How to properly remove ticks from a dog

Knowing how to remove ticks from your pet is one of the things dog owners absolutely need to know how to do. However, a surprising amount of dog owners still don't know how to properly remove a tick from a dog's body. The process is annoying, but simple. Here's how to do it.


You'll Need:

- tweezers
- a match or lighter (anything that produces a flame), or small jar of rubbing alcohol


1. Locate the tick and figure out which end is the head and which end is the body.

2. Using the tweezers, carefully and firmly grasp the head of the tick, but don't squeeze too hard, as you risk making the tick inject more disease-filled saliva into your pet. You want to grab the head of the tick as close to your dog's skin as possible. DO NOT grab the tick by the body, or you risk removing the body but leaving the tick's head in your pet's skin.

3. Gently begin pulling the tick directly from the skin. Be careful to NOT twist or pull the tick out at an angle, making sure the tick's head is directly perpendicular to the skin. Do not pull forcefully all at once either. Pull in gentle tugging motions until the tick is completely removed. Don't worry if the tick has such a strong hold on your dog that when the head comes out, some of your pet's skin or flesh comes out with it. Better that a minuscule amount of skin is removed from the dog than the tick's head being left inside of your pet. Remember to rub some anti-bacterial medication on the site of the bite after you've removed the parasite.

4. To kill a tick, hold it over an open flame until you hear it pop, then you know it's dead. You can also kill it by putting it in a small jar of rubbing alcohol. DO NOT rinse it down the sink, flush it down the toilet, or wrap it in tissue and throw in the trash. Ticks are incredibly resilient. Not only are you unable to kill ticks using those methods, but the tick may actually find a way to crawl back out and onto your pet.


This is the best way that I know of to remove and kill ticks. There are products out there designed as special tools to help pet owners remove ticks easily, but I personally find a pair of tweezers are more than enough for me to get the job done. However, if you're not great at handling a pair of tweezers, then maybe investing in a tick removal tool is better for you.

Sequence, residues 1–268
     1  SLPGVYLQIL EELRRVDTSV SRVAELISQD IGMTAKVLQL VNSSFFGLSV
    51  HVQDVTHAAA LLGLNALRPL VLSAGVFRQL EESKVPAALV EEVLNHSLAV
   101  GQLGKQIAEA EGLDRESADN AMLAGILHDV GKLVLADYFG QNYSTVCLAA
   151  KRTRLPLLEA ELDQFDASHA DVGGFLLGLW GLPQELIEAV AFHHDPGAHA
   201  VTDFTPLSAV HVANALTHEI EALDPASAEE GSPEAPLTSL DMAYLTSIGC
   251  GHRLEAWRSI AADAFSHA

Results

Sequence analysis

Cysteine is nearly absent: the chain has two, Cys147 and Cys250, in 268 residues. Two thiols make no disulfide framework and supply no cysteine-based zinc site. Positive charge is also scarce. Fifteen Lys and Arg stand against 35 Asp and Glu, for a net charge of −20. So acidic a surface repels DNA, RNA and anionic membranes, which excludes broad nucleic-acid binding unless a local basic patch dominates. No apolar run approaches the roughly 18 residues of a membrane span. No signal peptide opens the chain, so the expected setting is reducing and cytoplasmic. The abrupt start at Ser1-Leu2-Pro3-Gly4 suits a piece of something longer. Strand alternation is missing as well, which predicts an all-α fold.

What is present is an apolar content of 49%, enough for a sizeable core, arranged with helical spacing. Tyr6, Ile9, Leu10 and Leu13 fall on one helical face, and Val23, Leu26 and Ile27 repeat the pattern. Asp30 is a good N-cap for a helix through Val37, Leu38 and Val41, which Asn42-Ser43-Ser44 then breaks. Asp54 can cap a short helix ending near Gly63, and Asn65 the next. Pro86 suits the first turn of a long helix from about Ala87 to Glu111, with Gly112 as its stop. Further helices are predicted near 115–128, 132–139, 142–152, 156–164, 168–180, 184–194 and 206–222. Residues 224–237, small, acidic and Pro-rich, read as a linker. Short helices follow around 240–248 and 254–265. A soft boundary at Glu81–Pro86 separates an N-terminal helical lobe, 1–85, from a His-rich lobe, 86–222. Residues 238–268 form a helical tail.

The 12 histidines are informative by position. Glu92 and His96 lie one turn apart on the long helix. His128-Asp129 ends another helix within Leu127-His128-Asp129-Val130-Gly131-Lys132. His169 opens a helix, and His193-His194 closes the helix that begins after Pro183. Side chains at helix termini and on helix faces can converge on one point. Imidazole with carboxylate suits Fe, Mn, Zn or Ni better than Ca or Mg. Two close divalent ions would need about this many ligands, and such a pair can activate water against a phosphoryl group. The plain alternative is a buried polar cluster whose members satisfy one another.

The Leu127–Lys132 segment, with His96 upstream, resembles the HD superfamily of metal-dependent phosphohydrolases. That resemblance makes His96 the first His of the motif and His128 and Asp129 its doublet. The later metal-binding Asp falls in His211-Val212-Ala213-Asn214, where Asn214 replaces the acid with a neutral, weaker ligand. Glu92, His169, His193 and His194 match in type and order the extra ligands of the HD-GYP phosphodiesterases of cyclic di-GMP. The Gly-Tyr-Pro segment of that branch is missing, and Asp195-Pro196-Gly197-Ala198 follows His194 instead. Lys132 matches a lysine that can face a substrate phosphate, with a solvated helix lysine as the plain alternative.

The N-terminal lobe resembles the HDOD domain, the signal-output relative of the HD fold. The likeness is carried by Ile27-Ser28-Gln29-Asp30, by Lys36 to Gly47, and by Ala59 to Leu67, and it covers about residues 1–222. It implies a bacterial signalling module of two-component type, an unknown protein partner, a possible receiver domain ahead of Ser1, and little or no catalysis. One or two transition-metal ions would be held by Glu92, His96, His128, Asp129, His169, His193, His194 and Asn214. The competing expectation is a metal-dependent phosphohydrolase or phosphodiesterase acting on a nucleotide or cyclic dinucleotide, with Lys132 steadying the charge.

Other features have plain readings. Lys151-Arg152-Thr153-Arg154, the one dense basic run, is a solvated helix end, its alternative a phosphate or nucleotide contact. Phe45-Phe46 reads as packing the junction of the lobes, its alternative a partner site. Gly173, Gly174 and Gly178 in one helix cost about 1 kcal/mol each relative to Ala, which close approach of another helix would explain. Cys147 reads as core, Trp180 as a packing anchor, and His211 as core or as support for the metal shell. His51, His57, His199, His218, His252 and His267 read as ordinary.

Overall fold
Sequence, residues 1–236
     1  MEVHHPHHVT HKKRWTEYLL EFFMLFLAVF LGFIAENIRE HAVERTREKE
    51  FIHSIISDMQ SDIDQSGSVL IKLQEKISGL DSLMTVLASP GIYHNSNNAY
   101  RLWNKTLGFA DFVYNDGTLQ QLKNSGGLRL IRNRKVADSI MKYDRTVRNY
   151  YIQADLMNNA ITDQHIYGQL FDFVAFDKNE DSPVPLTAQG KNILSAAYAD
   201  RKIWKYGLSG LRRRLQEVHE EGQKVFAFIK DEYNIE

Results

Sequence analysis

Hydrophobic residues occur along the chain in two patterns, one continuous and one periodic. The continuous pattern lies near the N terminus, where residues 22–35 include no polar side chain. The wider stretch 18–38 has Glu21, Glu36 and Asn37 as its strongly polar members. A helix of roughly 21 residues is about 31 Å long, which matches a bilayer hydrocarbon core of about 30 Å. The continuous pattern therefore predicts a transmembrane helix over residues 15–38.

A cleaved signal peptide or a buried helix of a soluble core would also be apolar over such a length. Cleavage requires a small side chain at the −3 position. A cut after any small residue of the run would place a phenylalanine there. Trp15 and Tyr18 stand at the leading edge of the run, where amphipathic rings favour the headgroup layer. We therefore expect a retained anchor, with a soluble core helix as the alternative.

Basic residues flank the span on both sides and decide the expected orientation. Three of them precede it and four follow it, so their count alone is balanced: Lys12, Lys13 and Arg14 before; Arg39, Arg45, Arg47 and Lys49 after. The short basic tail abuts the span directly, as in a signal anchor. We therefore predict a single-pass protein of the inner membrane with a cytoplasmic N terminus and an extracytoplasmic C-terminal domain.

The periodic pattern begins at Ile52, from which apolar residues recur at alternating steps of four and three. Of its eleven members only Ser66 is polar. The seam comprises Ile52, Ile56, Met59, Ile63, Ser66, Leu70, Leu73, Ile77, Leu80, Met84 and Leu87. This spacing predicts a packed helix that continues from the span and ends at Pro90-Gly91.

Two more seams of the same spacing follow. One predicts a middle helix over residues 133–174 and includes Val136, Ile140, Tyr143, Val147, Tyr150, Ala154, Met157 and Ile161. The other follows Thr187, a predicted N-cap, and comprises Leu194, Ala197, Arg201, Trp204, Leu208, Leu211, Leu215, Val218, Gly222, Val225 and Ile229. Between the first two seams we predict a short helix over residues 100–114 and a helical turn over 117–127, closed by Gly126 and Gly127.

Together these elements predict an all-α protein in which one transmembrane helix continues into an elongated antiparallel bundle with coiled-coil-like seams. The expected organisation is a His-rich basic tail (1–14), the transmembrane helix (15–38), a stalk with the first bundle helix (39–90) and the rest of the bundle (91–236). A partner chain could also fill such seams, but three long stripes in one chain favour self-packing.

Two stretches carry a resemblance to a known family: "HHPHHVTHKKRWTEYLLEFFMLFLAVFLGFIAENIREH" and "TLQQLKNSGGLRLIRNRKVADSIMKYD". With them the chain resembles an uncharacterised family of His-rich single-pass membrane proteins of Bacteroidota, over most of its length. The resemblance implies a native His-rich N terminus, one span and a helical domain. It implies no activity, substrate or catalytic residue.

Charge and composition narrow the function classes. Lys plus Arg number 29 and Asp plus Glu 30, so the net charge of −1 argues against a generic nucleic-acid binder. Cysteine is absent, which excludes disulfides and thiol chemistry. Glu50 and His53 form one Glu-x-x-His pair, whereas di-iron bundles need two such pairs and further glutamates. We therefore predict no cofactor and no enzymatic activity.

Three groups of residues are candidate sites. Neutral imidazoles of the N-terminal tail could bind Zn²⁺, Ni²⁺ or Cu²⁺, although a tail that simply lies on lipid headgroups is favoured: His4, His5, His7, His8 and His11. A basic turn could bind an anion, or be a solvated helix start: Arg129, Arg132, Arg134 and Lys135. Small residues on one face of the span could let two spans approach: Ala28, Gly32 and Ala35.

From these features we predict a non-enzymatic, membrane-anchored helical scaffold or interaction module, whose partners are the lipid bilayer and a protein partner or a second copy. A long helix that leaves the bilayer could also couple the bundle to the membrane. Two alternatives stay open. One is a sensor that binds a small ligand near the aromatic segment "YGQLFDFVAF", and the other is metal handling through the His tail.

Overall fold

Also, don't believe any of those myths that say putting nail polish, rubbing alcohol, vaseline or any other number of things on an offending tick will help it pull out of your pet's skin on its own. Doing any of these things may cause more harm than good by irritating the parasite to burrow deeper, regurgitate and inject more of its poisons into your pet. Always remove the tick and kill it. That is the only way you know for sure it won't continue to hurt your pet.


  1. Pls help me i have a 2 months old fem chow she was given to me by my hubby i think she has folliculitis, is your remedy will work for her? How about the odor of the apple cider will my dog smell like that? My pup sleeps with us on our bed pls help me, i haven't taken her to a vet yet

    1. I assume you're referring to my baking soda and apple cider remedy posted here?:

      Your dog shouldn't smell like vinegar after the bath if you rinse thoroughly after. The vinegar smell tends to evaporate eventually anyway.

      You should also take your pup to a vet to confirm that she does, in fact, have folliculitis. At two months old your pup must go see a vet anyway to get a check up and have all her immunizations.

      I hope your pup feels better.

  2. Two nights ago my dog vomited a little. I was not concerned because he has done this before. Later that night and the next morning he vomited copious amounts of foam. He slept most of the day . He did drink water but will not eat this is the third day he has not vomited anymore I have been giving him water with a syringe a little at a time.lm taking him to the vet in the am . Do you think he will be alright and was this a frog poisoning?


Please keep comments relevant to the post. All comments will be monitored before they are published. Thanks for understanding!